Tū te Whaihanga is a resurgence of the creative genius of the past, and carries the cultural aspirations of tangata whenua into the future.
Sacred taonga that left the shores of Te Tairāwhiti 250 years ago will return home to be celebrated in the upcoming exhibition, Tū te Whaihanga.
The homecoming will see these taonga stand in their rightful place with their descendants, as part of a year-long exhibition.
The 37 taonga include some of those which left on board the HMS Endeavour, after its first voyage to Aotearoa in October 1769.
A connection to the taonga is now being re-forged and Tū te Whaihanga is the result of the determination by Tairāwhiti iwi for the taonga to return to reconnect with their descendants, to reclaim the knowledge they hold, and to sustain their legacy.
This project has been led by Hei Kanohi Ora Iwi Governance Group, which is made up of tangata whenua of Tūranganui-a-Kiwa and Te Aitanga-a-Hauiti and has been developed in partnership with Tairāwhiti Museum with the support of Eastland Community Trust, Te Puna Tahua Lottery Grants Board and Air New Zealand.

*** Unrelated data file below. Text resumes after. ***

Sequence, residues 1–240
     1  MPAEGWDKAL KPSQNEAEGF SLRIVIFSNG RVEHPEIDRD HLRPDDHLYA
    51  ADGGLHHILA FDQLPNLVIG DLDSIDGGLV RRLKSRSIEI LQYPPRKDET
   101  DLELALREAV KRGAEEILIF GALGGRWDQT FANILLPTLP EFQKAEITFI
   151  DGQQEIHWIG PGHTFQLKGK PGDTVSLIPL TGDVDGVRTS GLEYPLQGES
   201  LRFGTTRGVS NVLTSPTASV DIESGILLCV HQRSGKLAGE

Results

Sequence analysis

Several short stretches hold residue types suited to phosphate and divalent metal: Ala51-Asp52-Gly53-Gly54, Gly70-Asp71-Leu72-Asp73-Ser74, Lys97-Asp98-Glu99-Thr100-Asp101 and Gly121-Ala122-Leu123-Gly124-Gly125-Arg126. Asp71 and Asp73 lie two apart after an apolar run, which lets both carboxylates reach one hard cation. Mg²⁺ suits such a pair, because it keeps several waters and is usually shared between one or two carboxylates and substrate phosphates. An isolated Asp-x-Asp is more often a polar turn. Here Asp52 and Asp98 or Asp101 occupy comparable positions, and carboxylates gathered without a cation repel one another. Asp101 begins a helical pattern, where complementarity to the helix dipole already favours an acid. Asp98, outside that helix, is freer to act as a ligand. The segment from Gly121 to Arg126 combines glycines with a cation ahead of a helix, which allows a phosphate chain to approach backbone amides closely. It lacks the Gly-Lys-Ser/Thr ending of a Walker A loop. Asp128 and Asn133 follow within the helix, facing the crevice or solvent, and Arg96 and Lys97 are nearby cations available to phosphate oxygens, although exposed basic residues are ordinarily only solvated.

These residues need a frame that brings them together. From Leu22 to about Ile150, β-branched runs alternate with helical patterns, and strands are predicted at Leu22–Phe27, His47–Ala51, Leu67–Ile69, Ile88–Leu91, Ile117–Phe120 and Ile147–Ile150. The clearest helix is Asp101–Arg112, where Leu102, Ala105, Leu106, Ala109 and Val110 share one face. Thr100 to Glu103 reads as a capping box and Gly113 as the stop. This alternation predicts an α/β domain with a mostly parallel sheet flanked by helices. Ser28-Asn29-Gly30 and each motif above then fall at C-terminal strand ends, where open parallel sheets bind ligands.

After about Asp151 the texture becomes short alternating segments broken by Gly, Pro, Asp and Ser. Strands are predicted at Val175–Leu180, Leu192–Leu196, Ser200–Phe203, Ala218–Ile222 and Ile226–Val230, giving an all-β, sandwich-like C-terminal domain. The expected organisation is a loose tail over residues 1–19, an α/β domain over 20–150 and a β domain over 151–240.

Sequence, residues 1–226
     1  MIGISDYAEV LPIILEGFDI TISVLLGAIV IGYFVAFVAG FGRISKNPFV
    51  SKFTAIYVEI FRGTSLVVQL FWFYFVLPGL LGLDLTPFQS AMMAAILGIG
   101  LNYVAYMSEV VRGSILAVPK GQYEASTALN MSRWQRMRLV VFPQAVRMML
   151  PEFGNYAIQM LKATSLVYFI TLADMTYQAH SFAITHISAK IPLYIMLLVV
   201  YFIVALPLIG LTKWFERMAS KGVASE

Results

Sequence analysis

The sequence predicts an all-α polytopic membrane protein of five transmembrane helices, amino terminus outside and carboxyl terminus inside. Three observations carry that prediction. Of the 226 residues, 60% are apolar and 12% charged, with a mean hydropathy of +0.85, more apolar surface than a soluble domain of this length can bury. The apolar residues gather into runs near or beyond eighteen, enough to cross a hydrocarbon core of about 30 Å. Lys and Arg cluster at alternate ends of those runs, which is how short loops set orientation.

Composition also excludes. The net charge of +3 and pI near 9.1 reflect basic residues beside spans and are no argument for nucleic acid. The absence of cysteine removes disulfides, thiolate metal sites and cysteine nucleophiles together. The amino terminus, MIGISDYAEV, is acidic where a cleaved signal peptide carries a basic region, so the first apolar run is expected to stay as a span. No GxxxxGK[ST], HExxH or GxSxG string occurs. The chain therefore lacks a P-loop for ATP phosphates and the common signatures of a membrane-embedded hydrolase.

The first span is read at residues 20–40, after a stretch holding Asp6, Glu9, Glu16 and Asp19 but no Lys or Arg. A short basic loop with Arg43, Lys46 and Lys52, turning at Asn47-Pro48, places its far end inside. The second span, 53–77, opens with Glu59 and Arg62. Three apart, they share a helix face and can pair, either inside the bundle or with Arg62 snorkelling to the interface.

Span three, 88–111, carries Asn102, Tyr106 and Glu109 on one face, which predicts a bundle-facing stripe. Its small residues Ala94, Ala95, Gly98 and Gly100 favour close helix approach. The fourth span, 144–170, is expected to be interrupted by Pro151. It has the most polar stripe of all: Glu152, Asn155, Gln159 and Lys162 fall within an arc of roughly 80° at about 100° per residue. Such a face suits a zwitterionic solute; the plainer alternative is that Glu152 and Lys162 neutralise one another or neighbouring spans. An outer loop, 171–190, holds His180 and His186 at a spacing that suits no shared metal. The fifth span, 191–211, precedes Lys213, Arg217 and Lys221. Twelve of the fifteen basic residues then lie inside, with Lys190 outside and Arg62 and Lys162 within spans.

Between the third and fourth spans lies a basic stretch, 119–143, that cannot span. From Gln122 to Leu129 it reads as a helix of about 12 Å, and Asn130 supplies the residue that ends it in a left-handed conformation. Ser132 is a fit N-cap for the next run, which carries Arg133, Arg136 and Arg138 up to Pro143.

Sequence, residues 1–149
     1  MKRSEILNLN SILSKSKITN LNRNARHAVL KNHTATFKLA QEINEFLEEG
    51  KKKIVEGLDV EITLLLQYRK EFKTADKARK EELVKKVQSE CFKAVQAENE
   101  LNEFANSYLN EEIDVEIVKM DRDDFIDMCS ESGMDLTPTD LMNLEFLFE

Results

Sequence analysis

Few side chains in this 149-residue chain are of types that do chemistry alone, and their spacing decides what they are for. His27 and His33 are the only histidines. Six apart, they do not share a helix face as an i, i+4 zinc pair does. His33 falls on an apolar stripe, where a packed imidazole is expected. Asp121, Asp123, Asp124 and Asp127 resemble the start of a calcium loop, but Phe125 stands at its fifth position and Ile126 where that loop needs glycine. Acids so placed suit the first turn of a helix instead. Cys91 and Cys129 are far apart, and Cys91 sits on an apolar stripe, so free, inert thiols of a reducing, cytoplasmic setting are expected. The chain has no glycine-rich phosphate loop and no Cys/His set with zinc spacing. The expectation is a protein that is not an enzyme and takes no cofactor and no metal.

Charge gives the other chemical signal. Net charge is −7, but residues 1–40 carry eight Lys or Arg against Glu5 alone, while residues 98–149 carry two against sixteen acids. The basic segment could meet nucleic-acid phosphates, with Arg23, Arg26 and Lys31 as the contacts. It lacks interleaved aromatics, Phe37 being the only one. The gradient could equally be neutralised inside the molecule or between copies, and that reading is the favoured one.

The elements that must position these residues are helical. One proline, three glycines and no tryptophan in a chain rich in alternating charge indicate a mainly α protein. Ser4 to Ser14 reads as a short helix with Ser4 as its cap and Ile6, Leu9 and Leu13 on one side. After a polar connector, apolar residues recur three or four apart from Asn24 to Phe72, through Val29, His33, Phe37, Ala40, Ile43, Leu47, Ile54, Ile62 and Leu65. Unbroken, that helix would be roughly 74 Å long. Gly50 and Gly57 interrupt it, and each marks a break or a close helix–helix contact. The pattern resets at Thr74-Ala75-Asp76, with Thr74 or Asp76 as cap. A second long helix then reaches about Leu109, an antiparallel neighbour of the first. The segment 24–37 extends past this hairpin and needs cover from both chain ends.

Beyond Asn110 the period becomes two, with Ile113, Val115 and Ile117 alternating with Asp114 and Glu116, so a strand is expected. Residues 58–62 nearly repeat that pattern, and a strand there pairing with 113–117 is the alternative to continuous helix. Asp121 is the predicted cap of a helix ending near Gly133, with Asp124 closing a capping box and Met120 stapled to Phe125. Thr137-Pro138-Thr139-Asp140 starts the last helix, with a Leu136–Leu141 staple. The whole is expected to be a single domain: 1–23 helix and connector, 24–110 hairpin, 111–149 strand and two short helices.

Taonga are returning on loan from The British Museum; Pitt Rivers Museum University of Oxford; University of Cambridge Museum of Archaeology and Anthropology; Great North Museum: Hancock and Tübingen University Museum, Germany.
Taonga returning include eight painted hoe paddles, traded at sea off Whareongaonga (south of Tūranganui-a-Kiwa) on October 12, 1769, and Te Poupou o Hinematioro from her whare on Te Pourewa Island on October 28, 1769. Other taonga include rākau (weapons), kākahu (cloaks), tātua (belts), whakairo (carvings) and adornments.
Tū Te Whaihanga Media release 13 September 2019